Nanoengineering surface wettability via metal-phenolic networks
AffiliationChemical and Biomolecular Engineering
Document TypePhD thesis
Access StatusThis item is embargoed and will be available on 2021-09-03.
© 2019 Shuaijun Pan
Surface engineering is extensively involved in many industrial processes as well as diverse research applications including the engineering of catalysts, nanoparticles, coatings, membranes, gels, and other materials. In general, the purpose of surface engineering is to alter the physical or chemical surface properties on the molecular, nano-, micro-, or macroscale in order to target desired applications. Surface wetting, a ubiquitous natural interfacial phenomenon, is one of the most important yet least understood surface properties useful for addressing a broad range of practical and scientific issues. Surface wetting is also important for various global challenges such as the emerging energy and environment crises, and various health and safety concerns. One particularly “hot” scientific topic surrounding surface wetting is engineering coatings to render surfaces with tailored wettability, including coatings that are hydrophilic, hydrophobic, oleophobic, responsive, or versatile. Metal-phenolic networks, coordination assemblies between metal ions and polyphenols, are emerging conformal coating materials useful for versatile surface engineering, including the engineering of nanomaterials and bio-interfaces. Polyphenols, which are abundant in natural sources as well as synthetic chemicals, have outstanding physicochemical properties besides metal chelation, such as reactive chemical groups, special interfacial interactions, and controllable bioactivity, and thus provide vast potentials in the field of advanced surface modifications. However, the potential of polyphenols in surface wetting has rarely been investigated, leaving the fundamental understanding necessary for advanced surface design and surface wetting largely unclear and incomplete. Therefore, this thesis aims to provide an overview of the wetting potential of metal-phenolic networks and to provide fundamental understandings for engineering advanced surface wetting. Specifically, this thesis investigates engineering surfaces on the levels of chemical structure, coating composition, and substrate hierarchy. Finally, some emerging applications for metal-phenolic networks with tailored surface wetting are presented. The scope of this thesis is the engineering and exploitation of the surface wetting of metal-phenolic networks. The wetting fundamentals of metal-phenolic networks are first explored through the systematic study of coatings prepared from a wide range of polyphenolic ligands and a collection of metal ions on diverse substrates utilizing a series of coating methods. The intrinsic wetting properties, together with the active surface nature, were then successfully exploited for various applications including catalysis, oil-water separations, air filtration, and self-cleaning. The toolbox applicable building blocks for making metal-phenolic materials was enlarged by introducing the concept of host-guest chemistry—host functionality is incorporated into metal-phenolic networks where guest molecules can specifically bind with the host motifs within the surface coating. In addition to the facile control over surface wetting and specific binding, the host-guest metal-phenolic networks can also potentially help tackle incompatibility problems encountered in the design of materials for advanced interfacial interactions. Finally, dynamic metal-phenolic networks capable of adaptively interacting with a range of liquids were engineered. The resultant adaptive surface wetting, along with the broad wetting potentials of the metal-phenolic networks, is expected to contribute to the engineering of advanced surface coatings and find applications in other fields requiring tunable interactions.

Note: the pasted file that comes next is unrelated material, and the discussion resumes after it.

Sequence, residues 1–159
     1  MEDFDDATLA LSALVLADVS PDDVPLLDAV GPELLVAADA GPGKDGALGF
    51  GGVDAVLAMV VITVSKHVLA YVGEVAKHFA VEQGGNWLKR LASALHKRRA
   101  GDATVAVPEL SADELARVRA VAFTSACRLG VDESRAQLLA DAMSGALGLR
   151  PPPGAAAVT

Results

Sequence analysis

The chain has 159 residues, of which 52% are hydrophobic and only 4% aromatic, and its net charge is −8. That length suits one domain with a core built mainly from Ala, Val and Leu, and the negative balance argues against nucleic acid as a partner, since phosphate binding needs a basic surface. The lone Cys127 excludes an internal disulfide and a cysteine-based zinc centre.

Keywordssurface wettability; surface engineering; modular assembly; metal-phenolic networks; air filtration; tunable wettability; metal-organic frameworks; host-guest chemistry; functional materials
- Click on "Export Reference in RIS Format" and choose "open with... Endnote".
- Click on "Export Reference in RIS Format". Login to Refworks, go to References => Import References